In an interview on Thursday,  the front-runner for the Republican nomination for governor said the economic and environmental damage inflicted by the explosion of the Deepwater Horizon and the huge gush of undersea oil that has followed convinced her to shift her stance on drilling off the coast of California. Again.

Last year, she stated that she began her campaign for governor as an opponent of drilling off the coast, but subsequently learned more about new technologies, which she had come to believe all but eliminated the risks of offshore extraction:  ”When I started this process, I was against offshore oil drilling, and then I began to understand deeply the new technology that is available to extract oil from existing wells,” she said last summer.

But in this week’s interview with Calbuzz, Whitman said she has changed that position:

Historically I was against offshore oil drilling, but I am the living example of someone who believes technology can enable you to do things you’d never dream you could do. So I wanted to look into slant drilling…and convene a group to say, you know, ‘is this possible to do with zero to minimal environmental risk?’

I will say what has happened in Louisiana I think has raised the bar on what, you know, technology is going to be able to have to do, and what we can assure ourselves of. Because, gosh, you look at what has happened in the Gulf, the economic devastation of the shrimpers, the fishermen. I mean you’re starting to see it now go on the north shore of the coast of Florida there, the hospitality industry is at risk.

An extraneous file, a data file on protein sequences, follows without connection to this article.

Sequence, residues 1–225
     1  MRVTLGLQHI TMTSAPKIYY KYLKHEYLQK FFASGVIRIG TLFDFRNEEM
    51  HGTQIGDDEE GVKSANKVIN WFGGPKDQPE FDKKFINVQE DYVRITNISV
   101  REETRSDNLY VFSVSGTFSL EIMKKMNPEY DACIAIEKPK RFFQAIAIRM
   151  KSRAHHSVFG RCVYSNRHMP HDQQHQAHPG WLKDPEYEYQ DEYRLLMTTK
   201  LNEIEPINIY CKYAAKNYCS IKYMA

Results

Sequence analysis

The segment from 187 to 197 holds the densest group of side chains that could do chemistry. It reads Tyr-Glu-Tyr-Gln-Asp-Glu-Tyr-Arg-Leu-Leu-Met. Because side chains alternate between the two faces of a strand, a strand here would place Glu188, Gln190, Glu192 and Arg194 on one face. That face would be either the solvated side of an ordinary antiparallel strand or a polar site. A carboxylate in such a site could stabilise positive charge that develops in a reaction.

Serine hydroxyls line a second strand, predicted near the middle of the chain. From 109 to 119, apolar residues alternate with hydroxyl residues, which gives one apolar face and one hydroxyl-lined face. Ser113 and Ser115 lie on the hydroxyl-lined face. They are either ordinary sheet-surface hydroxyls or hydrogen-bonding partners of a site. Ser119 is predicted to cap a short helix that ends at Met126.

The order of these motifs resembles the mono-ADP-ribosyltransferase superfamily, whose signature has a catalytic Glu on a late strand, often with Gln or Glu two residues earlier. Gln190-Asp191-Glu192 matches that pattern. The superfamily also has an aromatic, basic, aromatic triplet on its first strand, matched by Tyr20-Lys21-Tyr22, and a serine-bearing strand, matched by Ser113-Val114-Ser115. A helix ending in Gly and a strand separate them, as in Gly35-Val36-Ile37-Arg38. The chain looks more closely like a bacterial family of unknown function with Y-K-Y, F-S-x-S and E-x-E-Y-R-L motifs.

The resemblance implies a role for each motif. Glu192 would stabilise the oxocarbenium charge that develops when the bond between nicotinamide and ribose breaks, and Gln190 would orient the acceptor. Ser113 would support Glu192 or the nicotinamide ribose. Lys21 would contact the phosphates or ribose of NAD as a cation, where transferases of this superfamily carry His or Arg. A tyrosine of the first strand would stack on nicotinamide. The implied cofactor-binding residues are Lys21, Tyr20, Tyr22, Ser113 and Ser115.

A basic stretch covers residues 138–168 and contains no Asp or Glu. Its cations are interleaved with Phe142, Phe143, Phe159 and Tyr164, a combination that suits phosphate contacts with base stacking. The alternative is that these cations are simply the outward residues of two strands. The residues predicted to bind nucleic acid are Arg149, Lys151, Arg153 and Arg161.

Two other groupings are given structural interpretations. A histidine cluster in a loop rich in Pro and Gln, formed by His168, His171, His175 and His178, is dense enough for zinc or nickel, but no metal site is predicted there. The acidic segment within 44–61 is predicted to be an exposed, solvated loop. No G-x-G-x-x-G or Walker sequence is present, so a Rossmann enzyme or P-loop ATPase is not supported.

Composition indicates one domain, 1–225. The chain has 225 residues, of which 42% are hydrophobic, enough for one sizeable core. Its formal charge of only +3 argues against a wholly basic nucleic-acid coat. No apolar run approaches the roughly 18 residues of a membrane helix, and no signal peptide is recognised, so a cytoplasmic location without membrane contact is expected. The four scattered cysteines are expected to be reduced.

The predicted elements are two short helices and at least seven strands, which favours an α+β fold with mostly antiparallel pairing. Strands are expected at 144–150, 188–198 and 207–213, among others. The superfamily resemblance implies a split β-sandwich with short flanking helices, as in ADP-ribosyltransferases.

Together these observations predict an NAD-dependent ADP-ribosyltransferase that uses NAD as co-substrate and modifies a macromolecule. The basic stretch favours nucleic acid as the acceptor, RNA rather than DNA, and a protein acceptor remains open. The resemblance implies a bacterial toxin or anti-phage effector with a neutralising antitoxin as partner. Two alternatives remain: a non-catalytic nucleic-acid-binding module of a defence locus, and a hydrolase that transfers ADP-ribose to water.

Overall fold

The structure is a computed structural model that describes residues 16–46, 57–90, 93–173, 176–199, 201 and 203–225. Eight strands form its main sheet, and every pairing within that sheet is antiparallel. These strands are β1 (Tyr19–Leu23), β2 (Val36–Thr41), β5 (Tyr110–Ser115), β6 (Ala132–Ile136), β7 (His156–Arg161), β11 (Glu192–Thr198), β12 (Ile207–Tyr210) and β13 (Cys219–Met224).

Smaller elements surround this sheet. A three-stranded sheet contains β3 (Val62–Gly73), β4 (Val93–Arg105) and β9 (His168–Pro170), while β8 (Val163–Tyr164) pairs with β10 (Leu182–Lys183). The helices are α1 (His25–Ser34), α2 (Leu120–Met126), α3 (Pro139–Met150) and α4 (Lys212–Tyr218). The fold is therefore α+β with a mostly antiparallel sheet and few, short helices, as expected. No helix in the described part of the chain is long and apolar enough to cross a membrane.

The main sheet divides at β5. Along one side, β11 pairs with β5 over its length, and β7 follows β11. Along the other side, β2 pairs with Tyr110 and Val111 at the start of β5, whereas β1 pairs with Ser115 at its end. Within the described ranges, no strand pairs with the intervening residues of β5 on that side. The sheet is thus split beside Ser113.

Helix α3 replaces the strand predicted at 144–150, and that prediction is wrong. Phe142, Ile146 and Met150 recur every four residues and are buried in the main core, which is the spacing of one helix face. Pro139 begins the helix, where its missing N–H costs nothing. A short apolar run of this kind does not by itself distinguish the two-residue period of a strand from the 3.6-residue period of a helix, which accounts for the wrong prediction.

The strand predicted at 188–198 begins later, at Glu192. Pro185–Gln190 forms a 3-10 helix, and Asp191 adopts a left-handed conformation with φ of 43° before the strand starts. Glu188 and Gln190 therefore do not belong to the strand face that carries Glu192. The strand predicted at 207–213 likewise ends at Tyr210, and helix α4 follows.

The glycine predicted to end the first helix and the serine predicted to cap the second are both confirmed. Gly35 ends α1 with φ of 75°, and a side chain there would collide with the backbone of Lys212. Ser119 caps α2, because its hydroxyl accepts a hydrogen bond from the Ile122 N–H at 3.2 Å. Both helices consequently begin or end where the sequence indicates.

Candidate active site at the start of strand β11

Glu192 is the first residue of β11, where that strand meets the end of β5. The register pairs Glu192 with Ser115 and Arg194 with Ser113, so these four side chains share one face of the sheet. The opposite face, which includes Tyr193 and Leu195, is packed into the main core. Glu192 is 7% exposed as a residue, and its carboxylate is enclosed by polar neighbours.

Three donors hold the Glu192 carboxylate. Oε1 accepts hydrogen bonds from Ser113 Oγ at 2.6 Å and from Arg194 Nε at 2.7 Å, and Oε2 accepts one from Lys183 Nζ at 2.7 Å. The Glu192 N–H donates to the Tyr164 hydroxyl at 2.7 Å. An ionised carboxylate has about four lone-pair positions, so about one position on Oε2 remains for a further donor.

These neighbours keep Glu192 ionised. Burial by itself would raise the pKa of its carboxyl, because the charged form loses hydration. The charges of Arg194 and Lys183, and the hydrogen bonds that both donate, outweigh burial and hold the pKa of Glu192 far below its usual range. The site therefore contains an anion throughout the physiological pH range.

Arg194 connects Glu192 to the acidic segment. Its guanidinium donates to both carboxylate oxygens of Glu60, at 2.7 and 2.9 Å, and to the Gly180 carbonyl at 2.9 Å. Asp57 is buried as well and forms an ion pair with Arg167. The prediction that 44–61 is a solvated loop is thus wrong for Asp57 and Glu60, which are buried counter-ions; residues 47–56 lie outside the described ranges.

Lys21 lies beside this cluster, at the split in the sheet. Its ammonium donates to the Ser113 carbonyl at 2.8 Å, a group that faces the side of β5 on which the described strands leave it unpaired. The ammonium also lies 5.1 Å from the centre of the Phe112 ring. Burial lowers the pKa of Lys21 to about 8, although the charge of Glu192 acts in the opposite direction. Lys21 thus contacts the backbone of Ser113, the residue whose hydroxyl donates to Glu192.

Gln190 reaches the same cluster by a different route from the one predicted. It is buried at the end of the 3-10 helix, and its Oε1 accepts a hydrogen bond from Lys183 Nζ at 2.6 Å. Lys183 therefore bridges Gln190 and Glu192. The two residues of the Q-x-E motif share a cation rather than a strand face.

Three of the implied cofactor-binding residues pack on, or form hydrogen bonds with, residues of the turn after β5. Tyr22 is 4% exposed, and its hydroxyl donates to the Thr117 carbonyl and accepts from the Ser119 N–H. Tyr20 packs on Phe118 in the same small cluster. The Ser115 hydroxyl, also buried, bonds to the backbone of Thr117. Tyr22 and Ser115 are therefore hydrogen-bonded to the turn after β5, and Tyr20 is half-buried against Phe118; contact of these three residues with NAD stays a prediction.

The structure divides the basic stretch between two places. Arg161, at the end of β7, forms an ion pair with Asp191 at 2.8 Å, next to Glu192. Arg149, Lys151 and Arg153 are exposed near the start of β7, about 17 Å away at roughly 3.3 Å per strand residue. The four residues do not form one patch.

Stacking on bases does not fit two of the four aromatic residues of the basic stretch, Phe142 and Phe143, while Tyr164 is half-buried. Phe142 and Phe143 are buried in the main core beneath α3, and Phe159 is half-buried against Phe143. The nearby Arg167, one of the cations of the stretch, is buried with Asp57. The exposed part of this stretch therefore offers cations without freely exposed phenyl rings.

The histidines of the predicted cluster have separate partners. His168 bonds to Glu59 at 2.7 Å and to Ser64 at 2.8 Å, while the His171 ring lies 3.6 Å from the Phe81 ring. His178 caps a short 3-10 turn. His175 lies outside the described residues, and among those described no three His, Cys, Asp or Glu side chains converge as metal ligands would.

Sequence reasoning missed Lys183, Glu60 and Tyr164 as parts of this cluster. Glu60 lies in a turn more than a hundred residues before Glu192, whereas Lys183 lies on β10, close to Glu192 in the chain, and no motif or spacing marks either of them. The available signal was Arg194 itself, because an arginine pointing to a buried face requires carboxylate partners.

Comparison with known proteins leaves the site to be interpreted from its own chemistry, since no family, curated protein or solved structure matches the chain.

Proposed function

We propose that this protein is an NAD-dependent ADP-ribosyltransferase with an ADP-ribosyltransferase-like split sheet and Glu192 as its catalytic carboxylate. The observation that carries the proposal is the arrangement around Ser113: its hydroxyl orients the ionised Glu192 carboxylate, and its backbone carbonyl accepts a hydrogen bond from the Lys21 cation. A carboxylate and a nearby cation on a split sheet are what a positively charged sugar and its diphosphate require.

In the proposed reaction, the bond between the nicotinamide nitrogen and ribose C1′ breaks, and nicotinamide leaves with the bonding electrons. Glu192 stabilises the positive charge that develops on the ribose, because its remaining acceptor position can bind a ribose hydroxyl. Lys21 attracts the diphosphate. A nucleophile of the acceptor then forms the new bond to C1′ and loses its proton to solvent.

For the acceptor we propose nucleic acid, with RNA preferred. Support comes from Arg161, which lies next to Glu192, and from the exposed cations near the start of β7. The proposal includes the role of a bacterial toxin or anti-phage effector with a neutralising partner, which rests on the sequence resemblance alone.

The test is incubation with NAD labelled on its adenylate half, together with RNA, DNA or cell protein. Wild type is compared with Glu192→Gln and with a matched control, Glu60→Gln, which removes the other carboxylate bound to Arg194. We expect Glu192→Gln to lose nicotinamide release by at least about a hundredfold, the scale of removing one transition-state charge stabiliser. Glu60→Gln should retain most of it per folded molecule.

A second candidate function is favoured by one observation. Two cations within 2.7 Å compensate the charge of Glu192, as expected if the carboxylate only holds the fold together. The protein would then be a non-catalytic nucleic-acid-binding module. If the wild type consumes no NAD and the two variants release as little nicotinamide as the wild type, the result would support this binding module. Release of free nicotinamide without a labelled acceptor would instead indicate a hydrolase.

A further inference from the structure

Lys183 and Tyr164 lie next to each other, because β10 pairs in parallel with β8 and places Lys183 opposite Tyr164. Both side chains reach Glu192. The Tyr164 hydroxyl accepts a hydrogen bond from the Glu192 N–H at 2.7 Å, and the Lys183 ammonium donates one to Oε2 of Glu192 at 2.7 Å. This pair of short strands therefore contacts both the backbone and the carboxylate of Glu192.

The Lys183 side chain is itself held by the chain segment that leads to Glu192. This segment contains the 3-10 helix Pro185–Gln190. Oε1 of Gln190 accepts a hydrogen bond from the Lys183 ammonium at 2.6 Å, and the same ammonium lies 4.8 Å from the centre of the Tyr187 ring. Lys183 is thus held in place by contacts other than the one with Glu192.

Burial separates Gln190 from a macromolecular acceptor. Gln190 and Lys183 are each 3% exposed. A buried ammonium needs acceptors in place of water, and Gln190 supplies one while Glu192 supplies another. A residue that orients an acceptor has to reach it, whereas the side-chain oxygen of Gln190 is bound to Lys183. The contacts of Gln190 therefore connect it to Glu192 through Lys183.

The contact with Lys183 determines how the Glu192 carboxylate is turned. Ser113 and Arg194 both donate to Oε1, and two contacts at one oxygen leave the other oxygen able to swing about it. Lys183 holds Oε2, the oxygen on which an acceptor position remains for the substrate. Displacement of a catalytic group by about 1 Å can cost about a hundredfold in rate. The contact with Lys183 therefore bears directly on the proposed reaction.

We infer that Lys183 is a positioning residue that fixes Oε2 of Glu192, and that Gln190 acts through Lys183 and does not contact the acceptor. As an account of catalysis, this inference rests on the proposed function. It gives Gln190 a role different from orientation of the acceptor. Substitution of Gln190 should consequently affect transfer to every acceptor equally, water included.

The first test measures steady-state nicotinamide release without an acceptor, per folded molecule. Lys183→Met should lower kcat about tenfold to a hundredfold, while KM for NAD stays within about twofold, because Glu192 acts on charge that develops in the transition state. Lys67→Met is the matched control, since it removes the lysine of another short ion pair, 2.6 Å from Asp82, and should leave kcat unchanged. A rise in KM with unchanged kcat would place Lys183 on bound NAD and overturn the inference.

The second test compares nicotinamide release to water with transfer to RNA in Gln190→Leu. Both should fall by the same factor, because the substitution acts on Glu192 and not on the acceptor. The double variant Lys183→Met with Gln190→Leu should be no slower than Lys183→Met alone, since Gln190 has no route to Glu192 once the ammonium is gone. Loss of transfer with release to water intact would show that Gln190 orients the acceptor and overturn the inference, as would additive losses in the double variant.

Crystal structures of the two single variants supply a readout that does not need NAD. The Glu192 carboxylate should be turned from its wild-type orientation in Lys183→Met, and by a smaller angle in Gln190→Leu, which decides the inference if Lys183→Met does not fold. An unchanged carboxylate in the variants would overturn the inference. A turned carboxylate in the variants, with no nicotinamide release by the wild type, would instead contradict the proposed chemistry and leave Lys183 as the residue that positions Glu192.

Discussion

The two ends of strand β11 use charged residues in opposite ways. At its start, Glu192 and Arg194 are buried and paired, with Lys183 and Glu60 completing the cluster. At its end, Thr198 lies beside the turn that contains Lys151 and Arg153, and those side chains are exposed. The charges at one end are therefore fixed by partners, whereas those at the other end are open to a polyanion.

So I think it has absolutely raised the bar in terms of what we would need to feel comfortable with to go forward. So right now, I’m a no on offshore oil drilling.

Following a town hall meeting in Santa Barbara, Whitman in our interview also discussed several other key issues:

Taxes – A Public Policy Institute of California poll released Wednesday included new data on how voters feel about taxes: 62% of those surveyed said they would favor a state income tax increase for the wealthiest people in California; 58% said they would support higher taxes on corporations;   solid majorities said they would consider a tax increase to pay for K-12 education (69%), higher education (54%) and health and human services (54%).

“It doesn’t influence my thinking,” Whitman answered, when asked whether such majority views would affect her policies as governor. “My view is we should not be raising taxes on anyone in California.”

Asked what she would say to parents of students at public schools that are losing teachers and small class size programs, and who are willing to pay higher taxes for schools, she added:

I’d say we have a philosophical disagreement on how to right the economy in California…I mean, I don’t think people really do understand that a 12.6 percent unemployment rate not only has tax revenues decreasing, it has costs going through the roof. It’s the worst of all possible worlds – you’ve got a financial pincer – revenues going down and costs going up so we’ve got to get Californians back to work and then we’ve got to eliminate another $15 billion of costs out of that budget.